MEXICO CITY – Rafita Mirabal does what few would when faced with an angry, 400-pound animal charging at him: He holds his ground.
He is armed with nothing but a red cape and a short sword. He is also 9 years old.
Rafita already has had about two dozen fights in bullrings since last year, including his latest challenge on Sunday in Texcoco, just east of Mexico City.
His contests differ slightly from a regular bullfight. The animals are younger and somewhat smaller, and he does not give the matador’s final death blow with his sword. The ban on swordplay isn’t to protect Rafita, but rather the sport’s reputation.
Rafita isn’t strong enough yet to drive a full sword into a bull’s heart, and as a result, “he might just wound the animals, and then they would repeat the thing about (the sport) being a massacre,” said his manager, Jose San Martin, referring to bullfighting protests by animal rights activists.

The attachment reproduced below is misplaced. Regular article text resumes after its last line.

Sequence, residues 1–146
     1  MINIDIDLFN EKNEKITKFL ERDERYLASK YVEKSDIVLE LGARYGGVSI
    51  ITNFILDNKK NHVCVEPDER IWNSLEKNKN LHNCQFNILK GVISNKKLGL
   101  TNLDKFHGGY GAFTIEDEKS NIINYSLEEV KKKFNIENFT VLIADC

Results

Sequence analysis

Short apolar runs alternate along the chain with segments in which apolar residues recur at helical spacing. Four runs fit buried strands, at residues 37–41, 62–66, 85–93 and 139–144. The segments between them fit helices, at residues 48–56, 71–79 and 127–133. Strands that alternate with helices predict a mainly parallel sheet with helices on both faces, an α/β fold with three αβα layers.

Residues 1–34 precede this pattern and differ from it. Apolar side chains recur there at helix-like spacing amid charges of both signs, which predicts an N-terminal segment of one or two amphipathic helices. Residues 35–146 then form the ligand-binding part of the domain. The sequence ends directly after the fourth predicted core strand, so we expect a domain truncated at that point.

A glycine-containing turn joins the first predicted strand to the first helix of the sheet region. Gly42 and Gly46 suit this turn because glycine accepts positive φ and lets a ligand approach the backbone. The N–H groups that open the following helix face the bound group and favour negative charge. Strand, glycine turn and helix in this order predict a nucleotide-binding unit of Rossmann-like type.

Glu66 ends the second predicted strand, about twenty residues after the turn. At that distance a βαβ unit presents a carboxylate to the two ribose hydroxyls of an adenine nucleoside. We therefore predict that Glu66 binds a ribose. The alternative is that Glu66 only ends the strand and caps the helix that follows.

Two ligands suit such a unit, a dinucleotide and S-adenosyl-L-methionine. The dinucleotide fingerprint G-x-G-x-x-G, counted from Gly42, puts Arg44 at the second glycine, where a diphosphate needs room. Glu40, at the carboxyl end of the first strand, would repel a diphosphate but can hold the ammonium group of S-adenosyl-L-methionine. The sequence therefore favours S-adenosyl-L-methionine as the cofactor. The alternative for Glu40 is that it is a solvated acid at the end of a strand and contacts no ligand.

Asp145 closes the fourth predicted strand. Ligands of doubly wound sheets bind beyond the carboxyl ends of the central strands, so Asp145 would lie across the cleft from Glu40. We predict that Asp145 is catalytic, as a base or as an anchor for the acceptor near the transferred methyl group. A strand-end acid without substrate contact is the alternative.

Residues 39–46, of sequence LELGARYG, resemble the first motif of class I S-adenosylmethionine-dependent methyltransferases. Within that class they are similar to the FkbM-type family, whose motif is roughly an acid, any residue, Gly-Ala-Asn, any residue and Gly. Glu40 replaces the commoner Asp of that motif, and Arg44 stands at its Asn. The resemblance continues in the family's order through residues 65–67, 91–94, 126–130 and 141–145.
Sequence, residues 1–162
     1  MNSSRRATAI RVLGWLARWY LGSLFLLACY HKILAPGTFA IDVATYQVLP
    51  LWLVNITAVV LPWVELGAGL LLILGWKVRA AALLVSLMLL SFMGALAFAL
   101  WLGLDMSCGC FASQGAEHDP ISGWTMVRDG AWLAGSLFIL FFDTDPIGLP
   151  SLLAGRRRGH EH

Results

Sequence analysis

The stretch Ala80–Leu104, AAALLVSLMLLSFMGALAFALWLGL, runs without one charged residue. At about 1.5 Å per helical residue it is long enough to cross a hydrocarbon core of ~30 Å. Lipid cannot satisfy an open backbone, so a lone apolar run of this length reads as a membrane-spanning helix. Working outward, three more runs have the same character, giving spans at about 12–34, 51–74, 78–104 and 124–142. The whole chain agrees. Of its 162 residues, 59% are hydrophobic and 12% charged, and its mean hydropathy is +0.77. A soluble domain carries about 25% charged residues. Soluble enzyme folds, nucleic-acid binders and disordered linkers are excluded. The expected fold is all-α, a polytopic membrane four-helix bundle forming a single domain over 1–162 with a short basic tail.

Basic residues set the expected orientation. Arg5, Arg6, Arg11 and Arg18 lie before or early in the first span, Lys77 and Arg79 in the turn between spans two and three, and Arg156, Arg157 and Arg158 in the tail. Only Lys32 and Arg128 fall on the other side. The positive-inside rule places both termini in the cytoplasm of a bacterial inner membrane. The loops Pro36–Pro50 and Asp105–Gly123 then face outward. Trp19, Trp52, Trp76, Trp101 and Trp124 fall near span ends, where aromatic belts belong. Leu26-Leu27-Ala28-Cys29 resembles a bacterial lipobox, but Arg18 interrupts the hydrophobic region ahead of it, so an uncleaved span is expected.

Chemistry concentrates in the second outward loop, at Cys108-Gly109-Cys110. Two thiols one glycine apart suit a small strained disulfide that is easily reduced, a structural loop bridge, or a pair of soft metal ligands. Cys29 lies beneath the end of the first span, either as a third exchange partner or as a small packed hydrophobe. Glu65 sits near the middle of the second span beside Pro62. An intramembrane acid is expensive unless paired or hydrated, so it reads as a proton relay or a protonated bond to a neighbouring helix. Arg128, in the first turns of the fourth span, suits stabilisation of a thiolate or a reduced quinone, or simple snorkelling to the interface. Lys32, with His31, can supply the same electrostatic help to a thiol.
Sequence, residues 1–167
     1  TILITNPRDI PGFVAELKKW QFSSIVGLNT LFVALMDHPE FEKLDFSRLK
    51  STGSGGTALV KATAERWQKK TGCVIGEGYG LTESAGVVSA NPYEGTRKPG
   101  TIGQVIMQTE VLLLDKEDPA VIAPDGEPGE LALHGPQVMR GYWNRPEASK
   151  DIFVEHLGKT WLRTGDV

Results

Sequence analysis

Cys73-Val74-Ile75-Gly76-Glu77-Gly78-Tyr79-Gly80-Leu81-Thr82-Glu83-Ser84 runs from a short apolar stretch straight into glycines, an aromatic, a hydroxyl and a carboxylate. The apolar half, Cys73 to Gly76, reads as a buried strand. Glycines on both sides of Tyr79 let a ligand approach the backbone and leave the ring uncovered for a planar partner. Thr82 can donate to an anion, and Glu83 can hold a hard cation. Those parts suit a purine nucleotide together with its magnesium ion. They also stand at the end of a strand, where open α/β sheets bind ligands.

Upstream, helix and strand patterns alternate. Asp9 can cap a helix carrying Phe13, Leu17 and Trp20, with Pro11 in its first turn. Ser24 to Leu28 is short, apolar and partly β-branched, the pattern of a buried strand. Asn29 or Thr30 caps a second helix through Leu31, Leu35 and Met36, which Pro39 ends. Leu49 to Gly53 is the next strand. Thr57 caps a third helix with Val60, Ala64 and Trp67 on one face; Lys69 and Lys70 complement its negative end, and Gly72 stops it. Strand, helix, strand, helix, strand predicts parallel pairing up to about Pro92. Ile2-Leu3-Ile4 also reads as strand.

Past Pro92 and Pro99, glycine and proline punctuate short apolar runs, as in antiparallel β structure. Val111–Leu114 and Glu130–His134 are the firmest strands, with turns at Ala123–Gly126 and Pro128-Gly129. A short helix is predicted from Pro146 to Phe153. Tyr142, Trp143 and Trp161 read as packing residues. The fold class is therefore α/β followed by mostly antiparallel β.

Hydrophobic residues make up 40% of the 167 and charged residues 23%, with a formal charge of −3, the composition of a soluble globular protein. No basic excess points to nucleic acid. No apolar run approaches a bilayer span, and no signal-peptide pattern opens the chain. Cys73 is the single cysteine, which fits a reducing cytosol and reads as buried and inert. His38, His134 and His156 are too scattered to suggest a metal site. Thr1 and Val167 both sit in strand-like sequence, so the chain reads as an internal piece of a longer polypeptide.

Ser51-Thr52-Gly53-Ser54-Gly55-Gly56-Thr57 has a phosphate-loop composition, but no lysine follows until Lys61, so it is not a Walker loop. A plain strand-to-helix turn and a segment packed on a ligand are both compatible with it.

San Martin expects Rafita to be killing bulls by the time he’s 11 or 12. Most bullfighters start when they’re 15 or older, he said.
In Texcoco on Sunday, Rafita challenged a 2-year-old “vaquilla” – a cow with horns – and nearly lost. The vaquilla tossed him into the air, swept him to the ground between its horns and then trampled him, but left him unharmed.
Two older bullfighters who accompany and observe Rafita in the ring – but avoid interfering in his fights – distracted the animal, giving Rafita time to dust himself off and immediately return to the fight.
“That was nothing,” he said, his eyes tearing “from emotion” and a bruise appearing to form on his cheek. “It was good, very good.”
His father, Rafael Mirabal Martinez, is a fight fan. He sends his son into the ring without any qualms because “this has always been his passion,” he said.
“I ask God to take care of him,” said Mirabal, who nonetheless has established some rules: “He has to keep his grades up at school to keep on with this.”
Asked about his son’s future, he replied, “That depends on him, God and the bull.”